Developer: Namco Bandai
Publisher: Namco Bandai
Release Date: 05/17/2011
Although exercise games have been around since the days of the NES and its Power Pad, it never really became a genre until this console generation. We’ve seen flim-flam games that actually do more harm than good in titles like EA Active and Wii Fit. We’ve seen the genre evolve into using a camera so that you can see how you are doing the exercise instead of just assuming you are doing it correctly with titles like Your Shape Fitness. We’ve also seen quick cash grabs that are horrible in every way like Walk it Out. So far the two best games in the genre have been Gold Gym’s Cardio Workout and Get Fit With Mel B.. The former is a budget game that is a wonderful cardio boxing title and the latter is far more expensive due to needing Move in addition to the game, but it does everything wonderfully. Namco Bandai has brought us Exerbeat. While it doesn’t use a camera it does do the one thing that all exercise games NEED to do and yet only Gold’s Gym has done so far, and that’s have a motion controller in each hand of the player. Couple that with an insanely low price tag of $19.99, Exerbeat sounds almost too good to be true. Is it?
For only $19.99, Exerbeat packs a ton of options into this little disc – more so than a lot of full priced exercise games. You have a whopping 155 exercises split between eight categories: Hip Hop Dancing, Salsa Dancing, Aerobics, Cardio Boxing, Karate, Karate Forms, Yoga/Pilates and Stretches. Nost of the categories has roughly twenty different exercises to them. You start off with basic exercise routines and as you perform them and/or get medals for doing exercises correctly, you’ll unlock more and more exercises to do. For example, in Karate, you start off with simple white belt middle punches. Eventually you’ll unlock enough to get 15-30 minute combo routines. The game unlocks exercises based on how well you are doing with a particular category as well as how much you are using one. This customizes the game to an individual’s preferred style and makes for a nice experience across the board.
As well, the game also has various other options besides picking exercises one by one. You have a “Daily Challenge” that you’ll have the option of completing, a heart rate workout that combines a series of exercises from the different categories, a personalized exercise program where you tell the game what sort of goal you are looking to complete (such as “lose weight” or “tone my abs”) and eventually you’ll even unlock the ability to customize a workout plan where you’ll choose exercises from all that you’ve unlocked and make a seamless routine that cuts down on loading times. There is even a set of exercises called “family fitness” that are more party games geared for kids. They’re not my cup of tea, but if it gets your portly children up off the sofa and getting some exercise, than they serve their purpose. Finally, after each exercise, you are given a “world travel” options, where a Mii traverses the globe based on how well you exercised and for how long. At each stop, you’ll get a bit of world history and/or trivia. So you learn something and get exercise to boot! How awesome is that?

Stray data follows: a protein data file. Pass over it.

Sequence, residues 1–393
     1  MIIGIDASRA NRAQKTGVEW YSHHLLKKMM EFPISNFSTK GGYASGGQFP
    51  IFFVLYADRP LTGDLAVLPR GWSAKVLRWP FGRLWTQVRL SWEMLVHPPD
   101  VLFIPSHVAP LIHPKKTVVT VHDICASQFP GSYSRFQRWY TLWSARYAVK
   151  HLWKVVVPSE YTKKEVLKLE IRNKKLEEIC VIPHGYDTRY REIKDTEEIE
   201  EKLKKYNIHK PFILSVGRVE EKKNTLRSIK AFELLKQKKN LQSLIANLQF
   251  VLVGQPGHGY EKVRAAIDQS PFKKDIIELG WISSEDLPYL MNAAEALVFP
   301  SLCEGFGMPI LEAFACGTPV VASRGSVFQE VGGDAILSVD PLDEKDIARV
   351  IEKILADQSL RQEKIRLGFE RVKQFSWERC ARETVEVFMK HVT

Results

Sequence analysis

Across the board, Exerbeat offers more exercise options than even the 70-90 dollar ranged exercise games and considering this is a budget game, that’s pretty damn impressive. All the exercises are fun and because there is such a wide range of options, there is something here for everyone. For options and diversity, this is easily the best Wii exercise game on the market today. It has pretty much everything you could ask for and without any of the exercises that do more harm than good such as running or jumping in place (I’m looking at you EA Active!)
Modes Rating: Unparalleled
There are three things I look for in an exercise game and none have done all three yet. The first is to have footage of a real human trainer doing the exercises. So far only Get Fit With Mel B. has done this properly. The second is to have a camera connected with the game so you can make sure you are doing the exercises correctly. So far only Mel B. and Your Shape have done this properly. Finally, there is need to have a controller in each arm so that the left and right sides of your body are being measured independently of each other. So far only Gold’s Gym and Exerbeat have gotten this right.
Although Exerbeat only meets one of my three “most wanted” criteria, it makes up for the first one by having graphics featuring lifelike human trainers as well as a class of other exercisers for you to watch as well. Even better, the characters in the game are animated wonderfully and you can make out all the movements you need to do for the exercises correctly. Obviously I’d prefer real people doing them and from several camera angles, but again only Mel B. does that so far. Out of all the Wii exercise games released so far, Exerbeat offers the most humanlike exercise models to follow and some of the best demonstrations of the exercises.